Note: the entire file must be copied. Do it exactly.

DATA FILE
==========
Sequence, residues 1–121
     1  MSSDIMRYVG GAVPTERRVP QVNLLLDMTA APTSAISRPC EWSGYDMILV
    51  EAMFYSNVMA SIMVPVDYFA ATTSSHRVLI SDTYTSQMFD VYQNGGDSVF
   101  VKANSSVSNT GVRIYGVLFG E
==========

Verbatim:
Sequence, residues 1–121
     1  MSSDIMRYVG GAVPTERRVP QVNLLLDMTA APTSAISRPC EWSGYDMILV
    51  EAMFYSNVMA SIMVPVDYFA ATTSSHRVLI SDTYTSQMFD VYQNGGDSVF
   101  VKANSSVSNT GVRIYGVLFG E